The continued search for relief help has seemingly stalled for the Toronto Blue Jays, with the team no closer to filling out its bullpen today than it was when the offseason began nearly three months ago. However, reports are starting to trickle in a bit more about Toronto’s involvement in the relief market and some of the target the team may pursuing.
One such report came from Jon Morosi of Fox Sports earlier this week, tying the Blue Jays to former Dodger and White Sox reliever Ronald Belisario.
As per usual, the Blue Jays are not alone in their interest in Belisaro, just as they weren’t with Burke Badenhop earlier this week, with the Washington Nationals, Boston Red Sox, and Tampa Bay Rays also in pursuit. However the market for Belisario will be significantly different for Belisario, as the right-hander has more appeal as a potential bargain to those clubs looking for a good bargain.
At 32-years-old, the Venezuelan is coming off the worst season of his 5-year MLB career. In 62 games with the Chicago White Sox, Belisario was stung for a 5.56 ERA and finished the season with a 4-8 record and blew 8 of his 12 save attempts on the season.
However, is peripheral stats were actually better than the initial glance would foretell. While his ERA was bloated, he was likely the victim of an abnormally high .339 BABIP. The fact that he put up a much better 3.54 FIP, 3.69 xFIP, and 3.22 SIERA showcases further that his ERA was more a condition of bad luck or equally rotten support behind him in the field.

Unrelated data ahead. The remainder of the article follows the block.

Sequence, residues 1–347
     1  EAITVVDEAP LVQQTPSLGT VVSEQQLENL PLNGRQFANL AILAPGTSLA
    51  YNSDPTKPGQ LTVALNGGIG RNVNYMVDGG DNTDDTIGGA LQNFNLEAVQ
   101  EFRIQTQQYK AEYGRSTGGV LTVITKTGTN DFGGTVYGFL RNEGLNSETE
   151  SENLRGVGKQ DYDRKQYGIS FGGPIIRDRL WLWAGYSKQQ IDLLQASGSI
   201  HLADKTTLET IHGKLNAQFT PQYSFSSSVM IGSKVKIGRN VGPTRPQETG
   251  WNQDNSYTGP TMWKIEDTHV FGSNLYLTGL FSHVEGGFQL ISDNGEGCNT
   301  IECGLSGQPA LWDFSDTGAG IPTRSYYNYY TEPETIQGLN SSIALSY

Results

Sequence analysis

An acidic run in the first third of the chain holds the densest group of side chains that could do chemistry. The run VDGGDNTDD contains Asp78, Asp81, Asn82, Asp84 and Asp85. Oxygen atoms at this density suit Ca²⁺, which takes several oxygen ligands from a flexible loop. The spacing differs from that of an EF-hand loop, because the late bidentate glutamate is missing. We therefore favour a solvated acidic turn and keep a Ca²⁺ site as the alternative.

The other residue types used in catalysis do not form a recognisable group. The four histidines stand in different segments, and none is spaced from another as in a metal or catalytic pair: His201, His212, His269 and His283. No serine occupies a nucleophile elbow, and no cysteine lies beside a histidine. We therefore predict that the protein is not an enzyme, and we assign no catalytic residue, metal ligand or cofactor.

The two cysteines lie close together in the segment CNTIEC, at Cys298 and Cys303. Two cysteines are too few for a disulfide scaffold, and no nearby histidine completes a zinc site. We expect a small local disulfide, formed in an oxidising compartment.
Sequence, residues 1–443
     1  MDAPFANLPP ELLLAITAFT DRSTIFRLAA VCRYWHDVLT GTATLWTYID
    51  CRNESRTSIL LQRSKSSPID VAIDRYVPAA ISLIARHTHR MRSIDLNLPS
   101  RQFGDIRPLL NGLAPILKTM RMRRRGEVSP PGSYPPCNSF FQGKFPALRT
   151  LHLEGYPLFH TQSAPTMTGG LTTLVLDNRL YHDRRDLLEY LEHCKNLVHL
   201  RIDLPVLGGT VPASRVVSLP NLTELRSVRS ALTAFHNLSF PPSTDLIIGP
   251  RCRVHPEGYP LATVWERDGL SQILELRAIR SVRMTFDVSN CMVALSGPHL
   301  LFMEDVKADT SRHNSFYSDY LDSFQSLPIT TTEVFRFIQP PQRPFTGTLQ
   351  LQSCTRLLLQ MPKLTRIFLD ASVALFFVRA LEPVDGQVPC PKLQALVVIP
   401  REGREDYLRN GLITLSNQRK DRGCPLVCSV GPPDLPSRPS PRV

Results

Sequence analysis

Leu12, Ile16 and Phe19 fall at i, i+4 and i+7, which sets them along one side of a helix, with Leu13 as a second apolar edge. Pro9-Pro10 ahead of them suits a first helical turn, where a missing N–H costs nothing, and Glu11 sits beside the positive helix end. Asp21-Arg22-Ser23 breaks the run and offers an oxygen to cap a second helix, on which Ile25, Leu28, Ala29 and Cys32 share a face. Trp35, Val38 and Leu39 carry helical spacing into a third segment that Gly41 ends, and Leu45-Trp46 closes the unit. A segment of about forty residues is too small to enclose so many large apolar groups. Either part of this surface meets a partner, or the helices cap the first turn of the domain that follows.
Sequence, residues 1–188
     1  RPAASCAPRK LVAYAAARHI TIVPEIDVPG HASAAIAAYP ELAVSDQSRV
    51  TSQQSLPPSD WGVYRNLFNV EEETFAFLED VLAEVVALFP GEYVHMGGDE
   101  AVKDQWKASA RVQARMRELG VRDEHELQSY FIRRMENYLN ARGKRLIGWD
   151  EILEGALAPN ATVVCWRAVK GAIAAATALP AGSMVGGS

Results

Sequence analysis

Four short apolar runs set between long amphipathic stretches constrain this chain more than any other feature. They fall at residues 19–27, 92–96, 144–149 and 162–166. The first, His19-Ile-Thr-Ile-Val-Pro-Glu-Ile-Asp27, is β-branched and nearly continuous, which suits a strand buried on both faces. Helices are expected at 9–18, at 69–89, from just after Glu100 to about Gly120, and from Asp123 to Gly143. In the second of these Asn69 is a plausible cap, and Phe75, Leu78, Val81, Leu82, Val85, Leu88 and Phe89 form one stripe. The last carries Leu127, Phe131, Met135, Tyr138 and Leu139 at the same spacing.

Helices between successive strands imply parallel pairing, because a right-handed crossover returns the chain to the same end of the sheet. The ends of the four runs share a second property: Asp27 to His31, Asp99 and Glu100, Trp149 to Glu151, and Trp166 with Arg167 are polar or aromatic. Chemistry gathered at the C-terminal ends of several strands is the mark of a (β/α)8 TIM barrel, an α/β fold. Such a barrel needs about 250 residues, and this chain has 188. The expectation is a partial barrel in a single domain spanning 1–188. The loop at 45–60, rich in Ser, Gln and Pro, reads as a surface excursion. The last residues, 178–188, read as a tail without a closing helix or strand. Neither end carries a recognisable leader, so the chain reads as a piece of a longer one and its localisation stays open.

When you put the ball on the ground as much as Belisario does, 59.3% in 2014 and 60.4% during his career, you expect some better results in terms of converting those ground-balls to outs. With a career 2:1 GB/FB ratio and an average K/9 ratio of 7.3 over his career, Belisario relies on that conversion to get the job done.
That said, it would be safe to say that Ronald Belisario is due for a rebound of sorts, or at the very least a leveling of the playing field. However, that won’t prevent teams from seeing him as a buy-low candidate. With a salary of $3 million in 2014, it would be expected that he’ll come at a slight drop in pay, perhaps to the point of $2 million on a one-year deal.
At that rate, the Blue Jays could be tempted to take a chance, at least in a middle-relief, set-up role. His peripherals don’t track well in terms of closer material. However a rebound year could provide a nice bridge to whomever is closing games in Toronto in 2015.